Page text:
Brexit: EU lawyers look into plans to rush through a trade deal – but pessimism is growing

The European Union is looking into plans to rush through a Brexit deal before the end of the year, even if talks drag on into December.

But senior figures have told Sky News they are “increasingly pessimistic” that a deal can be done.

In one scenario, which has been discussed at the highest levels, a deal would be given a new “classification” that, crucially, would remove the need to have it ratified by every European parliament.

Instead, it would only require the approval of EU leaders and the European Parliament.

Unlike the UK, the European bloc has never set a deadline for talks to end and a senior Brussels source told me that “we will never be the first ones to walk away from the table”.

EU lawyers have been asked to look into laws around just how quickly a deal could be ratified in order to meet the 31 December deadline before the UK leaves.

The bloc had originally said that it would take around two months for a trade agreement to be signed off, but is now investigating ways of curtailing that period hugely.

At the heart of that is a plan to recategorise the trade agreement as an “EU-only” deal rather than a “mixed agreement”.

This would mean that it would no longer have to pass through parliaments and assemblies across Europe but would instead require just the assent of the European Council and the European Parliament.

The process would need the support of member states and may also require a so-called “protocol declaration” that states this is a one-off decision, rather than a precedent for future talks.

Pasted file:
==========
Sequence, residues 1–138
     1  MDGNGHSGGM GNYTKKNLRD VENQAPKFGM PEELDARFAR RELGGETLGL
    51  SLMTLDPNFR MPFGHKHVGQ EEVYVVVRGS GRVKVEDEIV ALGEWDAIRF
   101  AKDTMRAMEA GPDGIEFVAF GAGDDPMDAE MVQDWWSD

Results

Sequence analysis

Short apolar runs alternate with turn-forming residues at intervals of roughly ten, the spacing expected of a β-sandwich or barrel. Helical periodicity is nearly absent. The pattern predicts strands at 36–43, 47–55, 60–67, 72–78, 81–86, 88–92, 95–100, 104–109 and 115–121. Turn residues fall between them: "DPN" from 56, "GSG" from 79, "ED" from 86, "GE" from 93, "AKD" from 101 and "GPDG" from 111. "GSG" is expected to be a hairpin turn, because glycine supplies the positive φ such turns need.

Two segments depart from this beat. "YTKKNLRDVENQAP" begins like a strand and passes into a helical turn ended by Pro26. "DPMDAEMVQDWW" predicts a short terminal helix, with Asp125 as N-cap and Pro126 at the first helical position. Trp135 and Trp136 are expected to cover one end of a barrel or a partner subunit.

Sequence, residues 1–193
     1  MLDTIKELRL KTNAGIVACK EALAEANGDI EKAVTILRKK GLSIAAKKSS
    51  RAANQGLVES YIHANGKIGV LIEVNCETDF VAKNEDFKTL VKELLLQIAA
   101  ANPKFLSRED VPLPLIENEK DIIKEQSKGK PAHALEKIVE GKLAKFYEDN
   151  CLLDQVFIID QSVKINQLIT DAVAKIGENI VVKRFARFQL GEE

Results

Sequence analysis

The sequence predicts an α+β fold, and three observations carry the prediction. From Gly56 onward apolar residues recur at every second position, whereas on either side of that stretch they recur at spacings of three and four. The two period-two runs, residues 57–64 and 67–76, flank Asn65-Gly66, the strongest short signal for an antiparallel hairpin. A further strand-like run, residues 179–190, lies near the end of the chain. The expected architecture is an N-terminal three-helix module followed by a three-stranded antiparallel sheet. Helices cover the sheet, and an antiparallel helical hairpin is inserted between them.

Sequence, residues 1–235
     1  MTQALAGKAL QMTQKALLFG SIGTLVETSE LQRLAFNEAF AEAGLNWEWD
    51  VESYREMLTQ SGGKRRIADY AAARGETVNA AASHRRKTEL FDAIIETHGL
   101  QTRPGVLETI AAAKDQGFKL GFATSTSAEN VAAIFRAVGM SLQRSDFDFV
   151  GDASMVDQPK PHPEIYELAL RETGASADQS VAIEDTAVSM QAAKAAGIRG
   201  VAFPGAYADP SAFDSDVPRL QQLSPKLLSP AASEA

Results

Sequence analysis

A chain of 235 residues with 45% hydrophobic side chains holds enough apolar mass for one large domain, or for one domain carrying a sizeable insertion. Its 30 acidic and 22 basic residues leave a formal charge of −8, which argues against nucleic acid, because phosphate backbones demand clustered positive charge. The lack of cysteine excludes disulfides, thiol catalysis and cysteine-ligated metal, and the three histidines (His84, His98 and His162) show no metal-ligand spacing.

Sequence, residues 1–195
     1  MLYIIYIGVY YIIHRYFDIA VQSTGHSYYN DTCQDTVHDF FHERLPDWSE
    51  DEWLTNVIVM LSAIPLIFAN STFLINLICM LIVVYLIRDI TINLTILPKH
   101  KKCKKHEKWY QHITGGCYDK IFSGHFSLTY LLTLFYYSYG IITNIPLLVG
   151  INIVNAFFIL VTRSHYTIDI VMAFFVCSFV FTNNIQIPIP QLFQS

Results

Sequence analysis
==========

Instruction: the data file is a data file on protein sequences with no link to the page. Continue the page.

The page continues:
“There is simply no way that this will work as a mixed agreement any more – there is no longer enough time,” one senior source told me.

“We spent years signing off deals with Canada and Japan and, here we are, faced with a much bigger deal and we have six weeks left. We are, in diplomatic terms, in completely uncharted waters.”

However, even if a timescale can be created that would suit both sides, there is growing pessimism within EU circles that an agreement can be reached.

Familiar stumbling blocks remain, with particular emphasis being placed upon the disagreements over “level playing field” requirements on regulating standards and competitive advantages, such as state aid.

These are seen as fundamental to both the UK and the European Union’s demands, with little indication that an agreement is within sight.

In fact, despite some warm words from both sides about progress, one well-placed source told me that “the comments being made now are the same as the ones that were made in August”.

The European Council, which includes the leaders of all 27 member states, will meet by video conference on Thursday.

In the absence of a deal, the provisional agenda does not include any mention of Brexit, but I understand that leaders are likely to take stock of negotiations and may release a statement about them.

One plan, presently being discussed by EU diplomats, would see the Council state that its working assumption is now that an agreement would not be signed by the end of the year, and that European businesses should assume a no-deal Brexit.

“It would be an effort to focus attention onto one final push,” said one source.

However, other voices within the Council think leaders should remain distant from the talks at this crucial phase, and follow the guide of the EU’s chief Brexit negotiator Michel Barnier.

One other challenge that would stand in the way of a future Brexit deal is the growing irritation of the European Parliament.

Members feel that they were marginalised during negotiations around the Withdrawal Agreement and insist they will not pass a Brexit trade deal without proper scrutiny.

In particular, members are adamant they will not approve any deal if the UK government’s Internal Market Bill remains in place.

Today, one senior figure from the parliament confirmed to me that promise “has not changed one iota”.

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